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The Basics of CSS Keyframe Animation

css / animation

Estimated reading time: 2 minutes, 56 seconds

Previously I’ve discussed the concepts of keyframes and tweening that are central to animation. Now that this technology has arrived in modern browsers, it’s time to discuss how to make use of keyframe animations on the web with CSS.

CSS Keyframes vs Transitions

The term “CSS Animation” can be confusing: does it mean CSS transitions, keyframes, or both? While transitions and keyframes share a similar syntax and goals, they are distinct techniques:

  • CSS transitions are simple animations with only two possible points: a start frame and an end frame.

  • Control of a transition is limited to defining those start and end point, and the time and easing curve between them.

Transitions are “one-shot” events, usually triggered by a user action (a mouseover, for example). CSS keyframe animations do not need a triggering  event, and can loop or cycle.

Using Keyframes vs Transitions

CSS keyframe syntax is a little complex, so it should be used only when needed. If the animation is simply between one point and another, with no intermediate steps, and does not loop, use a transition. If the animation is between a series of states – a ball bouncing across the screen, for example – use keyframes. On the other hand, truly complex animations are probably best left to a specialized animation tool, rather than trying to code it in CSS.

For our purposes, the term “CSS animation” covers both keyframes and transitions.

CSS Keyframe Syntax

In a sense, creating a keyframe animation is very similar to defining an embedded font with @font-face: we define the animation and then reference that definition later our stylesheet.

First, let’s start by creating a simple HTML element to animate. This could be absolutely anything: an image, a paragraph, any piece of web content at all. I’m going to take a simple div and style it into a circle with border-radius:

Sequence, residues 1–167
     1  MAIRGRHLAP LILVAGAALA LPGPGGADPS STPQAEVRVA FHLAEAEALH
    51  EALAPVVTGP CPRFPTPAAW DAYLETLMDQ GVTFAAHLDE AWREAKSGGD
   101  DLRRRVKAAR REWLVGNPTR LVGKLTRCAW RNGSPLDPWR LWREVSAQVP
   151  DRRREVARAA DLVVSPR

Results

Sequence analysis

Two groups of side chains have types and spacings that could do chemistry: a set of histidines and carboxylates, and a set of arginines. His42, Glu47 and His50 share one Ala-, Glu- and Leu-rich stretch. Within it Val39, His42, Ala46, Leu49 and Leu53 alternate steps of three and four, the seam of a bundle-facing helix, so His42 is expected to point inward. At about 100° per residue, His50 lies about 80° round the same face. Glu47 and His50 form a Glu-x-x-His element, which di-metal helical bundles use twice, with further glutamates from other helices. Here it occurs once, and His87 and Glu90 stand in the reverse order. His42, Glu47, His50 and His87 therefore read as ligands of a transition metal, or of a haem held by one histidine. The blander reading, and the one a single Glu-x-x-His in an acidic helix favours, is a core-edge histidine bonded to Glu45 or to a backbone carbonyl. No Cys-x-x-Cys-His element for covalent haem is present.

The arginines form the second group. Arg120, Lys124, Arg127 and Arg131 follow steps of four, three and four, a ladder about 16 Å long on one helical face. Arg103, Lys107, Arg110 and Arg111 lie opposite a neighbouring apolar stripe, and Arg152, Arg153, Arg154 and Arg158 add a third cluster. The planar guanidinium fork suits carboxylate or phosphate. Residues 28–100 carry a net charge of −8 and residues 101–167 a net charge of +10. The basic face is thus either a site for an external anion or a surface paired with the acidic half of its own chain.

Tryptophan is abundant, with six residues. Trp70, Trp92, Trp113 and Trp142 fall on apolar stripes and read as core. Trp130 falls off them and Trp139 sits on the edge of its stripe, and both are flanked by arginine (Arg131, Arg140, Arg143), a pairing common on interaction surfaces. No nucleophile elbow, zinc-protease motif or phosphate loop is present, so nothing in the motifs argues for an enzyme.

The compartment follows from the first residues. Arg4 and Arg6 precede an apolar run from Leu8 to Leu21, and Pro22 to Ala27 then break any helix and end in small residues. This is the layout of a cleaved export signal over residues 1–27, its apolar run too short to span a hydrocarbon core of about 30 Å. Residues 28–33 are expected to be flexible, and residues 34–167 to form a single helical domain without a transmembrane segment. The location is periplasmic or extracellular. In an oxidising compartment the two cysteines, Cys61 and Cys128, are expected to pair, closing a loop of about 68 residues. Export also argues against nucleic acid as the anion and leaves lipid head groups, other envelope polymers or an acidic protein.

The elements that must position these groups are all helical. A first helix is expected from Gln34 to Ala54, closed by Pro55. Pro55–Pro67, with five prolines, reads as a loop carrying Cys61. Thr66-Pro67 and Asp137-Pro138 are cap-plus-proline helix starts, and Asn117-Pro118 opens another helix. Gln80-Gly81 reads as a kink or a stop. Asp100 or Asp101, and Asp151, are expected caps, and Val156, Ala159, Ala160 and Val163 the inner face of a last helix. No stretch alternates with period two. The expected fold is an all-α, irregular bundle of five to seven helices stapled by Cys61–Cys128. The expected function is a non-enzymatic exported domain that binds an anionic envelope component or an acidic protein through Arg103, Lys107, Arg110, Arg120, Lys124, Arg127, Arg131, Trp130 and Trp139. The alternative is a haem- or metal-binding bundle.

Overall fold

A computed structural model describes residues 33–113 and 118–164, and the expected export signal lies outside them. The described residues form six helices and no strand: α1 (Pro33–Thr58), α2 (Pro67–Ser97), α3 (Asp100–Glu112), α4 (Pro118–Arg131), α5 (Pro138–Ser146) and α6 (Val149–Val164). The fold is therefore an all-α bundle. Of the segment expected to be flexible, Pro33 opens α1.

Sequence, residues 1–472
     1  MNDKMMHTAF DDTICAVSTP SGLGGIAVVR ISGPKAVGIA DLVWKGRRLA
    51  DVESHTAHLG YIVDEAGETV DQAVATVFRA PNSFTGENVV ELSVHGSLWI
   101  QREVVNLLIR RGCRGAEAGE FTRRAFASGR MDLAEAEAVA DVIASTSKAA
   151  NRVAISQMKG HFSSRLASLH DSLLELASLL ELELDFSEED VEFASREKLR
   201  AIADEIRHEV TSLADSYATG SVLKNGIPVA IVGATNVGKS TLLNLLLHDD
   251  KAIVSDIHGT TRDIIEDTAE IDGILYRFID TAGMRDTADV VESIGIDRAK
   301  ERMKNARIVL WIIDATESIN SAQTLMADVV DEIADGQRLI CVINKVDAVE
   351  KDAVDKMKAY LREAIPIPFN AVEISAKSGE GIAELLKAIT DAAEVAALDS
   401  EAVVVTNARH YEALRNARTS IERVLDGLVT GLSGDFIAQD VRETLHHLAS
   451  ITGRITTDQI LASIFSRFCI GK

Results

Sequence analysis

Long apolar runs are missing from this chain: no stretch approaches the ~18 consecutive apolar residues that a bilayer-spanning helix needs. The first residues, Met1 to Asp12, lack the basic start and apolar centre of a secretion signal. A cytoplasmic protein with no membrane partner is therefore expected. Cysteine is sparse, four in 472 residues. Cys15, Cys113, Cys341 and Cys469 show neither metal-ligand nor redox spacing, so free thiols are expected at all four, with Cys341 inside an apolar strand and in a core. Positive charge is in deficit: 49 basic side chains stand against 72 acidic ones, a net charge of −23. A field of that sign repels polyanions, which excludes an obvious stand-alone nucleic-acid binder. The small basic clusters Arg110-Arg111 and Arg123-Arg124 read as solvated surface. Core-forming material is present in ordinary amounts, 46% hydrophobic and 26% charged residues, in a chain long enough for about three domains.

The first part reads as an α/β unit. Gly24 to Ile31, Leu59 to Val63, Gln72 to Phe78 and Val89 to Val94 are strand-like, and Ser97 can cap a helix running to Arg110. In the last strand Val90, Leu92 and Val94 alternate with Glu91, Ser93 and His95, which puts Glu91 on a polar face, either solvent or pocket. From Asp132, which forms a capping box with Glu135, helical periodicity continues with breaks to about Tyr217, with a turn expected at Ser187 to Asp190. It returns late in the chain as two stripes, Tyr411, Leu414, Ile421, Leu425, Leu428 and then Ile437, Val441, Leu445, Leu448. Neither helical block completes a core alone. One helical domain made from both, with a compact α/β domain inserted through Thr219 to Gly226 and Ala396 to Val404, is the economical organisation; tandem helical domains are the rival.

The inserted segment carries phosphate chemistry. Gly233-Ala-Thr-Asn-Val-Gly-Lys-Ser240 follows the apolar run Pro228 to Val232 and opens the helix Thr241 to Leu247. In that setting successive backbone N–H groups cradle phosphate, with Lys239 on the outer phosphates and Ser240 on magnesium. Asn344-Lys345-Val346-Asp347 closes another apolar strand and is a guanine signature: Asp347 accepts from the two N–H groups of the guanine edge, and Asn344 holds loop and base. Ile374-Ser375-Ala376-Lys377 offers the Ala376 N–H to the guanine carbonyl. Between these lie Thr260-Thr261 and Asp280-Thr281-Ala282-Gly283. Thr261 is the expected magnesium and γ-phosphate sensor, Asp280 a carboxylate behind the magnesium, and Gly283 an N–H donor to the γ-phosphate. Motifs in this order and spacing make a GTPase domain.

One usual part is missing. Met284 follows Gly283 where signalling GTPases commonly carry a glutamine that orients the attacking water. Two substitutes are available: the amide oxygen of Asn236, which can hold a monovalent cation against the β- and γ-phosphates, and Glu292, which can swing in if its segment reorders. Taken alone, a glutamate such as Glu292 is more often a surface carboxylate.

div#redball { width: 150px; height: 150px; border: 2px solid #000; background: red; border-radius: 50%; position: absolute; }

Which modifies the appearance of the matching element in our <body>:

<div id=redball></div>

The easiest way to think of CSS keyframes is not as frames per se, but as points along a timeline of arbitrary length. The start of the animation will be 0%; halfway through, 50%, and completed, 100%. So a simple two-keyframe animation to make our #redball element move could look like this:

@keyframes bounce {
0% { top: 300px; }
100% { top: 0; }

(Note the inner curly braces).

As a general rule this should go at the start of our stylesheet, just as we do with @font-face.  Note that the name used for the animation sequence (“bounce” in our case) is arbitrary: you can pretty much call the animation whatever you like, so long as the name follows web naming conventions, and you refer to the same name later when you call the sequence.

Let’s do that now: go back to our #redball CSS definition and add a call to the animation, together with some other information:

div#redball { width: 150px; height: 150px; border: 2px solid #000; background: red; border-radius: 50%; position: absolute; animation: bounce 2s infinite alternate; }

The duration part (2s, for two seconds) is the same as that used in CSS transition animations; infinite means that the animation will play forever, and alternate means that the animation will “ping-pong” back and forth. I’ll get into more properties, together with some practical examples, in upcoming articles.

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